People tend to resist being told that they have to change, especially as it pertains to the way they work. Lew Sauder believes in such cases that ‘herding cats’ might actually be the most practical solution when consultants need to get client employees on board with a new methodology.
You Meow Goodbye, and I Meow Hello
Businesses will come to consulting firms seeking discipline for their employees, so that the business can start using a formal methodology to get things done. Consultants will precisely follow the methodology that their firm follows. Employees, aside from not wanting to be bothered with change in the first place, may not understand how or why new practices being implemented are important to a project. Furthermore, consultants are likely to be evaluated according to how well they followed a methodology, whereas client employees are more likely to be evaluated by results. In this case, employees have little incentive to ever attempt the new methodology.
What generally happens is that employees can agree to work under the new method for the duration of a project or while the consultants are there, and then they will immediately sink back into their old ways at the start of the next project. All consultants can really do in such a situation is herd the cats. In this case, it means they should hound employees to be following the new processes to the letter, while meanwhile making an effort to make the actual client as strong in the methodology as possible. Sauder elaborates:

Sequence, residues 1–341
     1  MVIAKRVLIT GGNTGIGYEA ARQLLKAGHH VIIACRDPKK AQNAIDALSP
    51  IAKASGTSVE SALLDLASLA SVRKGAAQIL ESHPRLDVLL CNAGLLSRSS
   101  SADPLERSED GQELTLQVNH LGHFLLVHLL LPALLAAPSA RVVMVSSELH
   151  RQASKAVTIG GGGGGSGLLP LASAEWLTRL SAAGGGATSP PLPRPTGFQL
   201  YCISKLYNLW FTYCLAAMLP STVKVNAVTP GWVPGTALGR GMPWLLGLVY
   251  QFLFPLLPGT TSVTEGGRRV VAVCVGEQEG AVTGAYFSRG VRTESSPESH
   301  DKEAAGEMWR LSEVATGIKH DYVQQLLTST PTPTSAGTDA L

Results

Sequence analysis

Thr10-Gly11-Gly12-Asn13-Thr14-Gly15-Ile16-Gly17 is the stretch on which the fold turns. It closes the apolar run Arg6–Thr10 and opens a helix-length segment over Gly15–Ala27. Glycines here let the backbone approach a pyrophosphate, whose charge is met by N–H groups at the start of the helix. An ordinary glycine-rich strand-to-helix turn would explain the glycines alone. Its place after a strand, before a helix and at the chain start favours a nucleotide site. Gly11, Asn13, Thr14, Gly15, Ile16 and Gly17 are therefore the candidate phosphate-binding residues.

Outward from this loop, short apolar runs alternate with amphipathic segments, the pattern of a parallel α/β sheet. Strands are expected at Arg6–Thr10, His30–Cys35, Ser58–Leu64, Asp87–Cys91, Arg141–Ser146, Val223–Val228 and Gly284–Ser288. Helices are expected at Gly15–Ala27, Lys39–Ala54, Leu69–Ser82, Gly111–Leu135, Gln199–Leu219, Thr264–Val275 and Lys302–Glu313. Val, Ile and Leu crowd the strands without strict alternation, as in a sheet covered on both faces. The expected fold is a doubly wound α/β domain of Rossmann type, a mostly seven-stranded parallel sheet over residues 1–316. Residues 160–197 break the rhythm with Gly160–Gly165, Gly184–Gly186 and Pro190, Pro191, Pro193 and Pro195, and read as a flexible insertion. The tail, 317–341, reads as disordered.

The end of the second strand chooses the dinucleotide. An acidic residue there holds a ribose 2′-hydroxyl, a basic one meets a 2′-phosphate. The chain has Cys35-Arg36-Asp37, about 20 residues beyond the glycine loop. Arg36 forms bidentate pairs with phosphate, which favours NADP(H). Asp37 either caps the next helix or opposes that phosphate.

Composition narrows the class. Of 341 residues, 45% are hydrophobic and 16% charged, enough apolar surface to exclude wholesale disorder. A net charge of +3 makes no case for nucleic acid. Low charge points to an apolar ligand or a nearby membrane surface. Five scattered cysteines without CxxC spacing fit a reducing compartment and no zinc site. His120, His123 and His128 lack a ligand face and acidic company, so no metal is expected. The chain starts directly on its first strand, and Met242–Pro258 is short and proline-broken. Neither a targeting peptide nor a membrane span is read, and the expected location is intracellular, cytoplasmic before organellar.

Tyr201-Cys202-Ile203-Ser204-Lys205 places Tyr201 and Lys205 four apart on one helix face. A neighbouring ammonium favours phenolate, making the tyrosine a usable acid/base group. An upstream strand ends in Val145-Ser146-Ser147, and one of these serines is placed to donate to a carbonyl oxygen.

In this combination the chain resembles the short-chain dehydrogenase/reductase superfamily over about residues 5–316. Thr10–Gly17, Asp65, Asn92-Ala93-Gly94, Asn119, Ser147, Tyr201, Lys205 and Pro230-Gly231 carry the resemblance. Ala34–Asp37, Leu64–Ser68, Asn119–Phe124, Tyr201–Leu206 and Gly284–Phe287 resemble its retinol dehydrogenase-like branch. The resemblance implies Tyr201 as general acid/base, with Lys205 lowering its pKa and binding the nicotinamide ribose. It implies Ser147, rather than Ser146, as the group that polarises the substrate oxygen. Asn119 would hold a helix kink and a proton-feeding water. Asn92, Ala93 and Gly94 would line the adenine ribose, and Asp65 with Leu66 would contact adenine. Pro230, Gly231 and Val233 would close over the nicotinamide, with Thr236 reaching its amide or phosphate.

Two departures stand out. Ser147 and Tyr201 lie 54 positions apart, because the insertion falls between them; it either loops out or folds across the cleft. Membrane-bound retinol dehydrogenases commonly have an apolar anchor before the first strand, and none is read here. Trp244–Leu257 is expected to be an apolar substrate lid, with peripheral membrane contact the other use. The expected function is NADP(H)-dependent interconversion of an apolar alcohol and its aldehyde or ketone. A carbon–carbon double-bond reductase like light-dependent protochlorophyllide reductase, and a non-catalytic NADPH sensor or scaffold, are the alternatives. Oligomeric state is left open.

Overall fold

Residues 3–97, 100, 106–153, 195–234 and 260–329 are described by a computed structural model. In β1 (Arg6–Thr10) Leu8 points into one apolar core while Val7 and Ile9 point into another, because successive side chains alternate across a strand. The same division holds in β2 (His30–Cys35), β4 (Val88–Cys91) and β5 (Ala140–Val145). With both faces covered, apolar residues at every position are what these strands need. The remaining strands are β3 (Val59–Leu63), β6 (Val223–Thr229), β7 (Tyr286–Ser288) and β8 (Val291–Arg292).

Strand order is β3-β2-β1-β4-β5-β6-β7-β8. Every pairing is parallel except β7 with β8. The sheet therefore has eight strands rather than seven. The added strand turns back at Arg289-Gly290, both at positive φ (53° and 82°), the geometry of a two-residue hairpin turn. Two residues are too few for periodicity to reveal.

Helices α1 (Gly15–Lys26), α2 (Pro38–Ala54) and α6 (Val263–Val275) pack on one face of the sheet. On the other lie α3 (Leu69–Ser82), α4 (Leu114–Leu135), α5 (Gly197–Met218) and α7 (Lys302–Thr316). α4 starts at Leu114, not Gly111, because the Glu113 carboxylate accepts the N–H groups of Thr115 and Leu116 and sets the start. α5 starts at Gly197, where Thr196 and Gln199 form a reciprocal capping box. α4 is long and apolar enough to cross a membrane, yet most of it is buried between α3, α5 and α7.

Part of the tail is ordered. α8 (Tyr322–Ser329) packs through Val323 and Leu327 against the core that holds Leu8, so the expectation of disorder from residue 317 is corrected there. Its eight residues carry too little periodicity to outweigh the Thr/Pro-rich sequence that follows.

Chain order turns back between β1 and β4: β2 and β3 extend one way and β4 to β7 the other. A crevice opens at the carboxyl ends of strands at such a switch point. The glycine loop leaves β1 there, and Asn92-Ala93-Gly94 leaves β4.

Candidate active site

Consultants deal with issues and exceptions, sometimes without the client’s awareness of the behind the scenes activities. Consultants also diligently follow the defined processes of the methodology. Clients follow those procedures. But they might not direct their own team to do the same, if not for the push from the client.
The client herds the cats that would not normally follow the process with as much discipline. When the consultants leave the client, the cats don’t do as well at herding themselves.
It may not be an ideal situation, where the business’s health is out of your hands the instant you step out the doors, but all you can do is try. You can read Sauder’s full post here: http://blog.consulting101book.com/herding-cats-consultants-get-things-done/